Over time, La Liga has been losing stars. Many players’ careers have wound down — Xavi went to Qatar, Iniesta to Japan and David Villa to MLS. Ronaldo’s departure from Madrid in 2018 was a trauma and Messi leaving Barcelona for Paris Saint-Germain in 2020 was even more difficult to take. Some of the Clasico duos’ transfer decisions have not gone well either, with Coutinho and Hazard flopping in Spain.

In recent years, Madrid and Barca have accepted that they are no longer able to match PSG or the richest Premier League clubs when it comes to wages or transfer fees. That has been a big driver for them being the only two teams still pushing the Super League project, which presidents Florentino Perez and Joan Laporta argue would level the playing field again.

Madrid have become smarter in the transfer market by concentrating not on superstars at their peak. Instead, they have gone for the best youngsters — deals such as Vinicius Junior, Rodrygo, Eduardo Camavinga and Aurelien Tchouameni — or taken advantage of market opportunities, getting established stars such as Toni Kroos, Thibaut Courtois, David Alaba and Antonio Rudiger as their contracts were almost over or finished.

Last summer at Barcelona was another big example of how the top La Liga sides have retained their allure despite their financial issues. The Barca hierarchy wanted to force out Frenkie de Jong and Manchester United and Chelsea would have increased his wages, but the Dutchman preferred to stay in the Catalan capital. When leaving Leeds United, Raphinha could have earned more money at Chelsea or Tottenham Hotspur, but he and his agent, Deco, held out for their preferred destination.

Other players Barca targeted — including Chelsea club captain Cesar Azpilicueta and then Sevilla defender Jules Kounde — were keen to move to Barca, even when it was not certain they would be able to be registered to play in La Liga or the Champions League. Robert Lewandowski had only one destination in mind when he decided to leave Bayern Munich.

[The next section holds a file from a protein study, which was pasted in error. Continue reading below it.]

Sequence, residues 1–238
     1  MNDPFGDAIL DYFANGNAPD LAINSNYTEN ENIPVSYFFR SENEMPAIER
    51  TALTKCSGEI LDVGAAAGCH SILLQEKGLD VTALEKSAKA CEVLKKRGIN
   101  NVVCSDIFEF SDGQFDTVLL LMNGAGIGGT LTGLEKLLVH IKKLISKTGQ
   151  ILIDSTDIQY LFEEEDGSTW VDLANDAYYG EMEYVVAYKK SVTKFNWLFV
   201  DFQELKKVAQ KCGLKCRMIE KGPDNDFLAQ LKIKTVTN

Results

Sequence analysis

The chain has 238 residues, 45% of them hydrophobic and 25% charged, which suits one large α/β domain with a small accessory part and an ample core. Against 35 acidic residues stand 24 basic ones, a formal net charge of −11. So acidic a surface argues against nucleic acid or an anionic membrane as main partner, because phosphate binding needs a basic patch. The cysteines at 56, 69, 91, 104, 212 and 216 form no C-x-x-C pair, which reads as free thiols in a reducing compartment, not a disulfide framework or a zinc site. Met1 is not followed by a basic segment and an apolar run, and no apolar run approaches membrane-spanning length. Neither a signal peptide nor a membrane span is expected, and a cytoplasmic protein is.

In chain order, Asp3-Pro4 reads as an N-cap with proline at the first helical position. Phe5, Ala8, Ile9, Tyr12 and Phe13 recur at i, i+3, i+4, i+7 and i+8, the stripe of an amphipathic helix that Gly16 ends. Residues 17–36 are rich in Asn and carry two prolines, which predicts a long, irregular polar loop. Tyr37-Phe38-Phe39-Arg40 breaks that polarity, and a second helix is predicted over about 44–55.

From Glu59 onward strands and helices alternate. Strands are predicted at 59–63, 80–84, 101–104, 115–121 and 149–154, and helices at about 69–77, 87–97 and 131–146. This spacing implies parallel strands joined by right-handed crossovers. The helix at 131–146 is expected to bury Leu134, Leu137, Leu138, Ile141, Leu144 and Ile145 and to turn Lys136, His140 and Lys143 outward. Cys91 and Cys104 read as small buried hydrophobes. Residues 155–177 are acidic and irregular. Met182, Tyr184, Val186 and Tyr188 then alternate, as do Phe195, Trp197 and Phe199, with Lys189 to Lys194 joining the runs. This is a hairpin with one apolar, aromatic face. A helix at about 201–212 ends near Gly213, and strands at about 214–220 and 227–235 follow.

Madrid’s success during the 2021-22 campaign was important in showing that La Liga’s best could match or overcome the Premier League’s richest teams, with Los Blancos enjoying thrilling victories over Liverpool, Chelsea and Manchester City.

Another sign of the prestige of La Liga has been Modric and Karim Benzema winning Ballon d’Ors in recent years. Only two Premier League players — Ronaldo (2008, Manchester United) and Michael Owen (2001, Liverpool) — have won its vote in 22 years. Such individual awards count for players, their entourage and when sponsors and commercial partners are making decisions.

Missing out on Kylian Mbappe in the summer of 2022 was a hammer blow to everyone at the Bernabeu and especially Perez, who had made a personal pursuit of the France forward. That was put down to PSG’s financial and political muscle having been just too strong before the World Cup in Qatar last December. It was also bad timing for another reason, given Madrid missed out on a good chance of beating Manchester City to sign Erling Haaland due to focusing on Mbappe instead.

Madrid losing out to City and Haaland in the Champions League semi-finals recently cut deep, too, but it was not completely unexpected, as even the proudest fans are aware that they cannot win all the time.

But the Real hierarchy still believes they are the smartest operators around, that their mix of glamour, prestige, experience and a lot of money gives them the best chance of attracting the top players and building the best teams.

Bellingham’s decision to prefer a move to Spain over a return to his home country shows Madrid are not wrong about that.

(Photos: Getty Images; Design: Eamonn Dalton)